Held on the first Sunday of each month. This is our sacred Holy Communion service that precedes our main act of worship and follows the conventions of the Methodist liturgy.
Includes a crèche and “Excited”, a separate class for primary school and young people Year 6 to 9, (except for the first Sunday in the month when we join together for All Age Worship)
An alternative to morning worship, the Sunday evening service is for everyone and includes opportunities for praise and worship as well as prayer and healing ministry.
What can I expect?
How long is an Anlaby Park church service?
In total, an Anlaby Park service is about 60 to 90 minutes in length. Services usually begin with a time of worship. The music group will lead the church in music. Song lyrics are projected onto the screens so you can sing along and/or engage with worship however you feel most comfortable. After this, one of our preachers will come out to share an encouraging and Jesus-filled message.
What’s the culture like at Anlaby Park?
Sunday’s at Anlaby Park are exciting, fun and engaging. Come as you are and expect to feel welcomed as our guest. We love our church and we want show it!
What about my kids?
We believe that kids should have a great time at church and every single week we offer our ‘Excited’ kids activity and a creche for the smaller children. These activities are led by qualified teachers, so you can leave your children in safe hands and relax and enjoy the main service.
Frequently asked questions about worship
At Anlaby Park, you are welcome to come as you are. You will find worshippers dressed anywhere from suits or dresses to jeans and t-shirts.
You can expect a warm welcome by people very happy that you are with us.
Have you ever wondered why Christians eat a small piece of bread and drink a sip of wine (or grape juice) in some church services?
You’re not alone.
For thousands of years, the Church has continued a practice called Communion, or depending on different church traditions, the Lord’s Supper or the Eucharist.
Communion uses bread as a symbol for Jesus’ body and wine as a symbol for His blood. Yes, it sounds strange. But why do Christians talk about eating Jesus’ body and drinking His blood? Are we cannibals?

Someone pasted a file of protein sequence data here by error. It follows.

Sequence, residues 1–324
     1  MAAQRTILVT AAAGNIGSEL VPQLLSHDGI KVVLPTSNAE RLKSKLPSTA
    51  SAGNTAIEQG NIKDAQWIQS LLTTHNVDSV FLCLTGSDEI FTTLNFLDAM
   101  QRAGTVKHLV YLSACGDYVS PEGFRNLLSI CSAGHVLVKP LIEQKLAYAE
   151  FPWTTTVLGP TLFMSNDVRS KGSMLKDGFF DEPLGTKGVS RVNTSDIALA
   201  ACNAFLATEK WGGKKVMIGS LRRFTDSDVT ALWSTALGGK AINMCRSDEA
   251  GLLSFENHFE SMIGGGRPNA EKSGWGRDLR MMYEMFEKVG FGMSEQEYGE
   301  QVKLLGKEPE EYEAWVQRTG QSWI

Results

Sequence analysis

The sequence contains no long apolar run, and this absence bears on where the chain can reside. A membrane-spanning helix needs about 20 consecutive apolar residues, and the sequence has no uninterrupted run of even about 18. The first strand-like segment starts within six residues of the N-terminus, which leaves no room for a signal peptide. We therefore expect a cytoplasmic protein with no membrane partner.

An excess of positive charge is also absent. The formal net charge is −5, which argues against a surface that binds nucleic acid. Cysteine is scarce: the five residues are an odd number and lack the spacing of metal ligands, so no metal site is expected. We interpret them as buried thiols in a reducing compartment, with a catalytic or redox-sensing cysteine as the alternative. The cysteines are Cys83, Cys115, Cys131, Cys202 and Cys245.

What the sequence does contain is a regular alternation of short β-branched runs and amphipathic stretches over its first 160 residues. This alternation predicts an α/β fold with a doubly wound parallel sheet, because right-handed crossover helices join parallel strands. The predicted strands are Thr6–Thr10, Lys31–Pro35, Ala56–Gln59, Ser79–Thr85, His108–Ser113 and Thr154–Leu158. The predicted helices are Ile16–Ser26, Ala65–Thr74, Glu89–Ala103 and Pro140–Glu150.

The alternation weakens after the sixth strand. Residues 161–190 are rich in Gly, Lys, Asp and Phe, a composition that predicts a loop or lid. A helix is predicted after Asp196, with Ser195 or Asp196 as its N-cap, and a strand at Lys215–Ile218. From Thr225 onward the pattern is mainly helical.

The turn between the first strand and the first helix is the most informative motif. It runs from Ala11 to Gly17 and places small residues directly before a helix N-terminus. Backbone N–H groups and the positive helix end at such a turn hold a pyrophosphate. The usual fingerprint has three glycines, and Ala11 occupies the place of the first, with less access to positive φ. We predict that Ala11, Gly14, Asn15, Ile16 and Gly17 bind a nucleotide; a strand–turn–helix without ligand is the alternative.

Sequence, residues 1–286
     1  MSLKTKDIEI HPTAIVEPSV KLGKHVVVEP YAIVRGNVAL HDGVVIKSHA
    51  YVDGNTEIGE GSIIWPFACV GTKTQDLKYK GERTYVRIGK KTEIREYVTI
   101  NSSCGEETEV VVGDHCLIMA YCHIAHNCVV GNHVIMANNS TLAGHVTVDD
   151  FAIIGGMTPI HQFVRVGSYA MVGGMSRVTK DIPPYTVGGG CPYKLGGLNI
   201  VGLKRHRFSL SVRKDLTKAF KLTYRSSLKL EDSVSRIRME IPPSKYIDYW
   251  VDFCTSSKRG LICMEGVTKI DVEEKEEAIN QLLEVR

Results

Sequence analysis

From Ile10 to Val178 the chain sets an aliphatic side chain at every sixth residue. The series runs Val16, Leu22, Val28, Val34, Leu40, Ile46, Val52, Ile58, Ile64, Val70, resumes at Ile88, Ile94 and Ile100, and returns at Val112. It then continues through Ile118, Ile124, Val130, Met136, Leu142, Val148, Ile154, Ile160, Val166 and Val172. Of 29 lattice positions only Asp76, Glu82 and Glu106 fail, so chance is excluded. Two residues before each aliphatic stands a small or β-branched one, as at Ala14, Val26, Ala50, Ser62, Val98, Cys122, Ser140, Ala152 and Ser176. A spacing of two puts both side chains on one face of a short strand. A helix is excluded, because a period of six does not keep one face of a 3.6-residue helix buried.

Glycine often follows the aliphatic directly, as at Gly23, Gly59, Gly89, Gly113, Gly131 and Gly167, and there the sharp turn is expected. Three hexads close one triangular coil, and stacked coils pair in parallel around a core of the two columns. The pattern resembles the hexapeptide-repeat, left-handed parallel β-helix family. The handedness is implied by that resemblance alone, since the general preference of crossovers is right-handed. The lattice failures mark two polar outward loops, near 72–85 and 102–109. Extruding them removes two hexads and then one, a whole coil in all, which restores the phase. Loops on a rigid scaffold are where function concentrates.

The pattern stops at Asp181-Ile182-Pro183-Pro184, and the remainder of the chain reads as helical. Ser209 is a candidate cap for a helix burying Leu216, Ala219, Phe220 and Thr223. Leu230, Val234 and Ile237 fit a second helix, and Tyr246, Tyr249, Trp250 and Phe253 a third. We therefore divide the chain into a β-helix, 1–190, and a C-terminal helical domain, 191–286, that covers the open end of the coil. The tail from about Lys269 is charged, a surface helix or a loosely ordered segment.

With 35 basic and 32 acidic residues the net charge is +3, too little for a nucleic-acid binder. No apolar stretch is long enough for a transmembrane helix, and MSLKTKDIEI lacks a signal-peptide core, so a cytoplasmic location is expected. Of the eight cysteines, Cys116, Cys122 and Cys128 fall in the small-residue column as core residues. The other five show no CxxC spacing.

Jesus started the tradition of communion. He instructed His followers to use bread and wine to remember the sacrifice He was going to make when He died for our sins on the cross. His instruction is recorded in the bible in 1 Corinthians 11:23-26.
Taking communion doesn’t make you a Christian. It doesn’t save your soul or get you to heaven.
God actually warns us about taking communion without considering what it means and why we’re doing it. The intent is not for us to mindlessly perform a ritual, but to intentionally set aside time to remember what Jesus has done and why He did it (1 Corinthians 11:27-31).
Communion is not an obligation, but a celebration.
Communion celebrates the Gospel: Jesus was broken for us so that we can be fixed by Him. As often as we remember Jesus, we should celebrate Jesus.
Communion is important because it’s a command to remember. Jesus wants us to remember every time we taste bread and wine, and even when we sit at the tables in our own homes, that He is the one who provides all we need. He gives us the physical food that we need to survive and the spiritual nourishment we need to keep taking our next steps with Him.
Where to find us
No matter what you’re facing, we’d love to pray for you!
Couldn’t make it to church?
Anlaby Park’s ‘Listen Again’ service let’s you catch up with the latest speaker.